Additionally, African States, with the exception of Sudan and Somalia, have ratified the Convention on the Elimination of All Forms of Discrimination against Women (CEDAW), which requires states parties to “take all appropriate measures to eliminate discrimination against women in the field of health care.”[17] The Committee on the Elimination of Discrimination against Women (CEDAW Committee) recognizes how unequal power relations based on gender and harmful traditional practices such as marital rape increase the vulnerability of women and girls to HIV infections and other sexually transmitted diseases, and emphasizes that States parties “should ensure, without prejudice or discrimination, the right to sexual health information, education and services for all women and girls.”[18] In 2010, the CEDAW Committee expressly stated in its General Recommendation No. 28 that “discrimination of women based on sex and gender is inextricably linked with other factors that affect women, such as … sexual orientation and gender identity.”[19]

Human Rights Watch recommends that the Draft Study integrate an analysis of relevant and applicable international human rights treaties, in particular, legal obligations in accordance with ICESCR and CEDAW.

 

II. Comments on Section 2: “Rights Relevant to HIV Recognized in the African Human Rights System” – Subsection 28 on Sexual Minorities

Sexual and Gender Minorities

The African Commission has addressed human rights abuses on the grounds of sexual orientation and gender identity. While this section of the Draft Study references Resolution 275 on Protection against Violence and other Human Rights Violations against Persons on the basis of their real or imputed Sexual Orientation or Gender Identity adopted in 2014[20] the African Commission has also adopted concluding observations in respect of various States parties’ reports, interpreted specific provisions of the African Charter to include sexual orientation and elaborated studies which include an analysis of human rights violations on the basis of sexual orientation and gender identity. These developments could be cited in the Study in order to reinforce the African Commission’s consistent findings that discrimination against sexual and gender minorities is prohibited under regional human rights law.

  • In Concluding Observations on the 3rd Periodic Report of the Republic of Cameroon, adopted in March 2014, the African Commission expressed concern about the judicial harassment of human rights defenders working in the area of sexual orientation and the, “discrimination, stigma and violation of the right to life and physical and mental integrity of individuals based on their sexual orientation,” and urged the Government of Cameroon to, “take appropriate measures to ensure the safety and physical integrity of all persons irrespective of their sexual orientation and maintain an atmosphere of tolerance towards sexual minorities in the country.”[21]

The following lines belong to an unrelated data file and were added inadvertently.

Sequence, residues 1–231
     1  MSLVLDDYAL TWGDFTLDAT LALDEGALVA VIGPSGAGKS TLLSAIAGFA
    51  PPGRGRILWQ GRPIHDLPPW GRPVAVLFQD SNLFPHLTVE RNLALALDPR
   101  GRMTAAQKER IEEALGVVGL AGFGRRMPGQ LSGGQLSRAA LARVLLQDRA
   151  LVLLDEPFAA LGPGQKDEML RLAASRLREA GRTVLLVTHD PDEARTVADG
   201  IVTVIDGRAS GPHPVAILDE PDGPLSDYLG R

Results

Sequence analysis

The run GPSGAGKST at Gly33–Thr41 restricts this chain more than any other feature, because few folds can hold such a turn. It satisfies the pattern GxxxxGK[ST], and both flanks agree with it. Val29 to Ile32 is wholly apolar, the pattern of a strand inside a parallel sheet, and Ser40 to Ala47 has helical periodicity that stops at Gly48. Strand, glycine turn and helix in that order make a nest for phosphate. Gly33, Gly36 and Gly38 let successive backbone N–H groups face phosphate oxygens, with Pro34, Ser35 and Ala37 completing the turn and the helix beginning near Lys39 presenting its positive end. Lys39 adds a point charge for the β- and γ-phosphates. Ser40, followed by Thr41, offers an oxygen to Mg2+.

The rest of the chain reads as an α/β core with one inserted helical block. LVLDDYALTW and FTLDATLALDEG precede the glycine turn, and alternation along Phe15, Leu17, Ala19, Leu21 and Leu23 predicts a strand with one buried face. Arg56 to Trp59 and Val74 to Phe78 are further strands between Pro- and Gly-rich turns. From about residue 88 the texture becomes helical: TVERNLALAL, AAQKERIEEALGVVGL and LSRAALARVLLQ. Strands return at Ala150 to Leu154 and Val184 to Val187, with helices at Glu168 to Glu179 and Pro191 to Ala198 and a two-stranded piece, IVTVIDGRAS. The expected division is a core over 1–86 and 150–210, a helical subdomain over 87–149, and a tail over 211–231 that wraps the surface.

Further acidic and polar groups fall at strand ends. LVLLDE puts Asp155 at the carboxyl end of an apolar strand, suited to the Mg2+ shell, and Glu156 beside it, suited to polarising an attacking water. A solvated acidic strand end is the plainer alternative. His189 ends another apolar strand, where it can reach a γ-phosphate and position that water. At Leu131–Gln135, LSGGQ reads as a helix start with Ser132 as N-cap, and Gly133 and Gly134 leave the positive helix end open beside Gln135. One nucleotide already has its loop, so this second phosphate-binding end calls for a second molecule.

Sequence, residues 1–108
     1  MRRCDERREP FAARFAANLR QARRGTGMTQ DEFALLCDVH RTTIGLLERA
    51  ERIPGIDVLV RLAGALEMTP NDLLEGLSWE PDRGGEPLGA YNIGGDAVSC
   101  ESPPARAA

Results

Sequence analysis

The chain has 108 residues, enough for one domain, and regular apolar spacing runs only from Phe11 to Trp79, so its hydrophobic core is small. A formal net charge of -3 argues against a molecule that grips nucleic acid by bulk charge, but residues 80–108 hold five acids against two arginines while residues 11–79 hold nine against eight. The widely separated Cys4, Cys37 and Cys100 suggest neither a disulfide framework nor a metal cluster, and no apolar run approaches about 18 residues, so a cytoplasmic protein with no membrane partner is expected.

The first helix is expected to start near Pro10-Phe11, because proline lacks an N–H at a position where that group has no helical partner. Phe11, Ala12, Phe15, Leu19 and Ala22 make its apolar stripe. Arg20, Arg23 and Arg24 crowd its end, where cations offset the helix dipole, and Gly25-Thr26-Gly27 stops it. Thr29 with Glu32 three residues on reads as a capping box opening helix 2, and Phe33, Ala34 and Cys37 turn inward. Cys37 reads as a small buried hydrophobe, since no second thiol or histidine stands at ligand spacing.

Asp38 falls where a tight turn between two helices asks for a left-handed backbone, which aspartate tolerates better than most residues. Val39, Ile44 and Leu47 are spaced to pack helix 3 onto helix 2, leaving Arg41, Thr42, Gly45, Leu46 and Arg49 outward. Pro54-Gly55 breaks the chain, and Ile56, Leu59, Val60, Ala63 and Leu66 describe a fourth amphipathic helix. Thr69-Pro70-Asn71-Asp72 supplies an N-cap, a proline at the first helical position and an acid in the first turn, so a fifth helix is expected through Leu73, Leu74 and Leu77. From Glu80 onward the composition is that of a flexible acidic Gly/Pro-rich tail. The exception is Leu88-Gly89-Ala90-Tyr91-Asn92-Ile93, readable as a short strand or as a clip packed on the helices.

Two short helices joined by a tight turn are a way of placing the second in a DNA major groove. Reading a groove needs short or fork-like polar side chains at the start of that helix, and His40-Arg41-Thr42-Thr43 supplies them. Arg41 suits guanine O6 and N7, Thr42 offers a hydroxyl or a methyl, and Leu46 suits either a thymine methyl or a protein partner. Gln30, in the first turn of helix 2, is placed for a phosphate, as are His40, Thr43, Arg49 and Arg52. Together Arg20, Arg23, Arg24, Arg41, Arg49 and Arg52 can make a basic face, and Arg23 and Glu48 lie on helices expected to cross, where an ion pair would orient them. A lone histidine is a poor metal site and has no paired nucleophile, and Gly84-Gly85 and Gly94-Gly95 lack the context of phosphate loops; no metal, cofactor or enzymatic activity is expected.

• Issuing its Decision on Communication 245/02, Zimbabwe Human Rights NGO Forum V Zimbabwe, the African Commission noted that principles of equality and non-discrimination apply to all persons, stating:

Together with equality before the law and equal protection of the law, the principle of non-discrimination provided under Article 2 of the Charter provides the foundation for the enjoyment of all human rights.… The aim of this principle is to ensure equality of treatment for individuals irrespective of nationality, sex, racial or ethnic origin, political opinion, religion or belief, disability, age or sexual orientation.[22]

  • The 2015 Report of the Study on the Situation of Women Human Rights Defenders in Africa, prepared by the Special Rapporteur on Human Rights Defenders, Commissioner Reine Alapini-Gansou, urges National Human Rights Institutions to pay particular attention to women human rights defenders “working on issues and contexts of criminalized identities, such as the rights of sex workers, women living with HIV accused of deliberate transmission and sexual orientation and gender identity” and to the work of women human rights defenders working on issues that are criminalized in their countries.[23]
  • The information on the Commission’s Concluding Observations and Recommendations on the 5th Periodic Report of the Federal Republic of Nigeria, currently included in Paragraph 50 of the Study, should ideally be moved to this section of the Draft Study as it deals with the impact of the Same Sex Marriage (Prohibition) Act, 2014 (SSMPA) on violence and access to HIV services and treatment, calling for the review of the SSMPA.

Finally, Human Rights Watch recommends that in all instances where there is reference to “sexual minorities” this should be amended to more accurately read “sexual and gender minorities” in order to include transgender and gender non-conforming people.

 

III. Comments on Section II, Sub-Section on “African Court on Human and Peoples’ Rights”

The African Court on Human & Peoples’ Rights (African Court) enjoys jurisdiction over contentious matters and entertains requests for advisory opinions on legal questions referred to it by a Member State of the African Union, organs of the African Union, and any African organization recognized by the African Union.[24] In terms of Article 4 of the Protocol to the African Charter on Human & Peoples’ Rights on the Establishment of an African Court on Human & Peoples’ Rights (Protocol Establishing the Court), the African Court may issue an opinion on any matter “provided the subject matter of the opinion is not related to a matter being examined by the Commission.”[25]